I confess, my husband and I still watch Frasier reruns on television at night, and though we know many of the episodes by heart, we continue to enjoy them.
What is fun about the show is that we are witnessing people who are human, and delightfully flawed. We laugh as we identify with them, and therefore, laugh at ourselves in the process. Many of the episodes are not only funny but educational as well.
The video above is from one of those shows with a very poignant message. It is the one where Frasier is going to be receiving his ‘life time achievement award.’ In spite of this honor, however, he is struggling with feelings of emptiness.
On the surface of things, his feelings don’t make any sense because by all accounts he should be feeling excited about receiving this award but he doesn’t. So, he decides to visit his old mentor and they explore what could be causing his discontent.
As this video clip begins, Frasier returns to the office after initially receiving an interpretation from his mentor that he didn’t like, and tries to defend what he thinks the real problem actually is; a mid-life crisis.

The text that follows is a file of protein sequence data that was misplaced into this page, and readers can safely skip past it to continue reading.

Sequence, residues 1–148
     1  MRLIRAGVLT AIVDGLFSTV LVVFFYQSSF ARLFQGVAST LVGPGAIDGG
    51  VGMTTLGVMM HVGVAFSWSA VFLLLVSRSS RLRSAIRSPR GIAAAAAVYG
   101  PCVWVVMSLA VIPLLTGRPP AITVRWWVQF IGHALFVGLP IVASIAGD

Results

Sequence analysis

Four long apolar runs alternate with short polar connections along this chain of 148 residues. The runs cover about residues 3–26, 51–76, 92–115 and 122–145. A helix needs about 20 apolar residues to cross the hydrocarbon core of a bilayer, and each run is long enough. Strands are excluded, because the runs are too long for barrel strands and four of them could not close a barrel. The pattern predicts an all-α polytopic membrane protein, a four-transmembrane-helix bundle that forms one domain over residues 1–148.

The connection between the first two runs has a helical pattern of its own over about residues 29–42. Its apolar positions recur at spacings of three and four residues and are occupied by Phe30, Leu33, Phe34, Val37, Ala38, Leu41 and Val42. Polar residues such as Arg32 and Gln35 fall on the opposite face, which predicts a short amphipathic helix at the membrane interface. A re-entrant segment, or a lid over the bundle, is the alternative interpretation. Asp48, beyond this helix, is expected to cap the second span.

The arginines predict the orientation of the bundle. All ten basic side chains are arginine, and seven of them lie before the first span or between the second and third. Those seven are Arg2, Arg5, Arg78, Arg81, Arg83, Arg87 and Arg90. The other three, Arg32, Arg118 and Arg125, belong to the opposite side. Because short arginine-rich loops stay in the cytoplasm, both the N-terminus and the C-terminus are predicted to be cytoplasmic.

That leads to a counseling exercise where Frasier is instructed to be both the psychiatrist and the person calling into his radio program. Two empty chairs are used as he attempts to counsel and diagnoses himself. During this revealing conversation, his is instructed to keep dealing with the feelings and not bury himself in psychiatric exercises.
In the full episode, it was powerful to learn that he felt empty because he had created distance with people by intellectually connecting with them instead of emotionally.
It is tempting to explain away and bury our own feelings underneath intellectual explanations in order to ‘fix’ ourselves as well. A lot of us feel it is unacceptable to feel empty or upset because we shouldn’t feel that way, with all we have to be grateful for.
It is true, that gratitude is a beautiful way to go through life and we do have much to be grateful for, including our feelings. They are definitely a wonderful gift, and contain a lot of good information if we listen to them.
They can bring us healthy awareness, if we allow ourselves to have them, not judge them and express them.
For the Frasier character, by realizing he has kept himself at an emotional distance to avoid being vulnerable with others; he can now use this awareness to make some different choices as he goes forward.
Funny how a comedy can make such good sense!
Try the empty chair exercise as it is done in the video, (preferably with a guide) and see what revealing and helpful information you experience from it.